Many people say that a Frenchman, J. Monier, who took out apatent in 1867 for the construction of plant tubs, tanks, etc., made of concrete reinforced with a mesh of rods or wires, should be credited with the invention. Certainly Monier did a great deal to develop the use of reinforced concrete and his name came to be so closely linked with reinforced concrete that reinforced concrete was known as the Monier System.
Wilkinson, however, certainly appears to have been the first. His patent covered for concrete floor slabs reinforced with a network of flat iron rods placed on edge. One of his main claims was the good fire resistance of the floor. He appears to have understood the principles of reinforced concrete, for he stated that the reinforcement was to be placed in the concrete to take the tension.
A number of buildings were erected, using Wilkinson’s system. He also described method for the construction of pipes, reservoirs, and walls of concrete reinforced with metal sheets, bars and chains.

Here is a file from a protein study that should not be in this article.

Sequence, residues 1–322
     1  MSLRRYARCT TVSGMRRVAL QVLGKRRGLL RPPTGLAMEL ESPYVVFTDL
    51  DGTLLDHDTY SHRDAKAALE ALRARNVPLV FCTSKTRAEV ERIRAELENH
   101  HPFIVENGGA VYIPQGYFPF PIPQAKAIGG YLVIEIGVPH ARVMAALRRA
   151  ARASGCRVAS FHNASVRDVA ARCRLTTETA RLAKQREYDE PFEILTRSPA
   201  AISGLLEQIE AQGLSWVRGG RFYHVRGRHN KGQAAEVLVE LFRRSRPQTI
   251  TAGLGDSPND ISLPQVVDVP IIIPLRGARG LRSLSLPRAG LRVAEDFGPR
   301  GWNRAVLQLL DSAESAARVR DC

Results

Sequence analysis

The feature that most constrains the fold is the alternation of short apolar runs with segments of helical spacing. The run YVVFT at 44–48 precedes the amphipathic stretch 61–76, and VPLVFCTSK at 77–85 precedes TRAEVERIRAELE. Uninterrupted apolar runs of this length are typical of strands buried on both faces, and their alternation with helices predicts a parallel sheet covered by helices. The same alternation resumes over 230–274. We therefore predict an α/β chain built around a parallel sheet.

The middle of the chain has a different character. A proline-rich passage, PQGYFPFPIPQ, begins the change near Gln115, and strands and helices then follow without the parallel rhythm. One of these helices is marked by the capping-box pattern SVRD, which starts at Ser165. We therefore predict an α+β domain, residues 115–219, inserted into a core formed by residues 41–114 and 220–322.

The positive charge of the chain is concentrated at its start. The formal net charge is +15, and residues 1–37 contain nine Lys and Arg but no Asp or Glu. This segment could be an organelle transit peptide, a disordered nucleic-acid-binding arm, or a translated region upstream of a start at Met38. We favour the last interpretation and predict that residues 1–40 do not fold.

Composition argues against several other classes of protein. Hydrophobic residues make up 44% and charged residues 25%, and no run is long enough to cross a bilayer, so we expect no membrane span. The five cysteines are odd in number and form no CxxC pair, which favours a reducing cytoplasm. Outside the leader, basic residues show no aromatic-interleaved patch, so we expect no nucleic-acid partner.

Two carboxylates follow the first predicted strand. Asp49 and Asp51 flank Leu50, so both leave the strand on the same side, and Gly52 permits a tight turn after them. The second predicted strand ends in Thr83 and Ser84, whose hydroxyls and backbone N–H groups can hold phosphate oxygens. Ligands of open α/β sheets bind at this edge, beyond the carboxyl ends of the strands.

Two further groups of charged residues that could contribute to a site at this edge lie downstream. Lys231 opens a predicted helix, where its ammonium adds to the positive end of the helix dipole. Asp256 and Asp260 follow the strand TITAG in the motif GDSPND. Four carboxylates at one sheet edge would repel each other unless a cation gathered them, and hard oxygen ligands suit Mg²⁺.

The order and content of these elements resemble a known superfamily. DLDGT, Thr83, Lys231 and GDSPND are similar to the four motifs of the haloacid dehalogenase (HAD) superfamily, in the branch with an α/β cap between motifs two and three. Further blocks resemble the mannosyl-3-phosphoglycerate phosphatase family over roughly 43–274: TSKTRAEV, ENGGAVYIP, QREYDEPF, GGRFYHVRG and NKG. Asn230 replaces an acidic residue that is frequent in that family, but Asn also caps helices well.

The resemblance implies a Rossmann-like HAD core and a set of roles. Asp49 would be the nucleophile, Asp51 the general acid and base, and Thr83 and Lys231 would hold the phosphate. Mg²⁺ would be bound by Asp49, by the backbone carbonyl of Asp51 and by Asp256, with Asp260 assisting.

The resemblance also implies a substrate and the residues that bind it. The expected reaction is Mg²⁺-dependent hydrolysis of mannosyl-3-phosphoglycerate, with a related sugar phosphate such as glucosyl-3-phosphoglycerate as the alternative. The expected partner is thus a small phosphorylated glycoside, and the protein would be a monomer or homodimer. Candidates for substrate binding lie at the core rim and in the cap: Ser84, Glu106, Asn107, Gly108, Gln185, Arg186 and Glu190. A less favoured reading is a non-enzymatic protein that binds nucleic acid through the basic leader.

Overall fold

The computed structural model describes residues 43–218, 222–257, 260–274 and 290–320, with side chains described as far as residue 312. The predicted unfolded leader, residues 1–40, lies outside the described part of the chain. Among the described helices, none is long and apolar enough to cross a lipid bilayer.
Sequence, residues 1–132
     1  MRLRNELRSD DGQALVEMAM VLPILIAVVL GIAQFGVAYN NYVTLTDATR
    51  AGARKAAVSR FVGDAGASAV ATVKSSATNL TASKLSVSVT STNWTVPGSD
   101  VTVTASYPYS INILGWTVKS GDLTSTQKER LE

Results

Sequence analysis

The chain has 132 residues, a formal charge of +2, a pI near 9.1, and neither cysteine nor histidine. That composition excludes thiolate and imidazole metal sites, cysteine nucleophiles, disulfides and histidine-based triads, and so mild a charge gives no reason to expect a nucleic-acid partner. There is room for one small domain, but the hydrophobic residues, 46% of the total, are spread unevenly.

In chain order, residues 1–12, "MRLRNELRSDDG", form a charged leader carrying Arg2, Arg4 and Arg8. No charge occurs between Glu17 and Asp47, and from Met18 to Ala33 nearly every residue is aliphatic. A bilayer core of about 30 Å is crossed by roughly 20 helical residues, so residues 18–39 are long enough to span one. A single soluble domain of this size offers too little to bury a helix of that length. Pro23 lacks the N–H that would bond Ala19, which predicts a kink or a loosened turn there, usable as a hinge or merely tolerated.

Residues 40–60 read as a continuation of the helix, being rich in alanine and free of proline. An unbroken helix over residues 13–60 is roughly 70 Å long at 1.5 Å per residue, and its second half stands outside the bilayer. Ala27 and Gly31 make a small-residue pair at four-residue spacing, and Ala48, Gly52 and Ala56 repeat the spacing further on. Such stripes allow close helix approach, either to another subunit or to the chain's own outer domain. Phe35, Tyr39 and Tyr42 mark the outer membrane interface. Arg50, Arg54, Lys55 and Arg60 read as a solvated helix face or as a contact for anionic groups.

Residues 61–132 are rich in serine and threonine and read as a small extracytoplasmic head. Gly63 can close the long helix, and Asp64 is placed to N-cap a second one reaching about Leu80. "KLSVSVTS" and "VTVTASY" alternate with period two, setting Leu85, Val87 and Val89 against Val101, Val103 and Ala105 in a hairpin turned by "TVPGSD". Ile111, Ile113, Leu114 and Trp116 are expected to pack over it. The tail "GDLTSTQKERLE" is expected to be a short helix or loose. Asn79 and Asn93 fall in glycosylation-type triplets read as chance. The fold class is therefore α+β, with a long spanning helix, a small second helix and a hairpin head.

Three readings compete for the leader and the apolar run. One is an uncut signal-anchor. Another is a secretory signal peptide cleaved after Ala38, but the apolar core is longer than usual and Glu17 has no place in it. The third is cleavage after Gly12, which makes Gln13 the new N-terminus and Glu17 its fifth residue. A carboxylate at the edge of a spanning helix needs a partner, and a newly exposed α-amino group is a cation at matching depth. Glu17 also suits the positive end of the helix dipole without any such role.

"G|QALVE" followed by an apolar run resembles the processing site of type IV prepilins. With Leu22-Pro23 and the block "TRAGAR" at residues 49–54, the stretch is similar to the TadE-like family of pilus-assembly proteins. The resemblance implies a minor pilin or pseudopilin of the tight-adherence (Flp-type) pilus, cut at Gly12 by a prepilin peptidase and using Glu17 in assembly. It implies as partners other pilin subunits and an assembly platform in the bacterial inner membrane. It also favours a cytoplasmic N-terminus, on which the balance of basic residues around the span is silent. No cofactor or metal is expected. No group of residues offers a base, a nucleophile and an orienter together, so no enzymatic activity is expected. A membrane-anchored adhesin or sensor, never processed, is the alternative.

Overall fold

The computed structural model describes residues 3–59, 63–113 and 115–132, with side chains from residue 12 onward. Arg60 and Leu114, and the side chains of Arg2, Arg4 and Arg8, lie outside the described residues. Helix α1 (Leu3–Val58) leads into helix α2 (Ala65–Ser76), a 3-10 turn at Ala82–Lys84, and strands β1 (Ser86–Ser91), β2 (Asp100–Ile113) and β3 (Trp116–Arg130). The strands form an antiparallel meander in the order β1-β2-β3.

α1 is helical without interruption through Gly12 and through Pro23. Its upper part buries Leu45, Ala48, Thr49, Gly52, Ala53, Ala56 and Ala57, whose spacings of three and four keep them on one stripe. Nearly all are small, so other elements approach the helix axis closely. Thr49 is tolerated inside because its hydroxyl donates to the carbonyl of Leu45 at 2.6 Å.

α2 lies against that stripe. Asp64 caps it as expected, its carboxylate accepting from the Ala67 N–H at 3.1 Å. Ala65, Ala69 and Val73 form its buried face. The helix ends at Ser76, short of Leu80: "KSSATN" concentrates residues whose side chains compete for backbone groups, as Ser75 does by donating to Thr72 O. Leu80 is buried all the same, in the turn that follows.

Freyssinet is known for his work in prestressed concrete for which he had his first ideas before First World War. With the improved materials and the new knowledge available, Freyssinet realized the advantage to be obtained from prestressing, and he used his system in prestressed works.
From now on structures became bigger, better and more exciting, and concrete steadily strengthened its position as a building material. Reinforced concrete was recognized as the best material for all types of structures.
The post-war era has given the biggest boost to concrete, both reinforced and prestressed. After the war steel was short in Europe and many architects had to use either reinforced or prestressed concrete in their structures in order to economize in steel.
Architects were perhaps a little surprised to discover that in many cases reinforced concrete structures, apart from using the minimum of steel, where also cheaper than other forms of construction, and could be erected as quickly. They also discovered that they had more freedom for planning than they had ever before, and a larger number of different solutions to each structural problem were available.
Beams could be eliminated, floor spans could be increased, and shells were available for roofing large areas. Another big factor, which encouraged the use of concrete, was the introduction of fire regulations, which recognized the superiority of concrete over other structural materials in its fire resistance properties.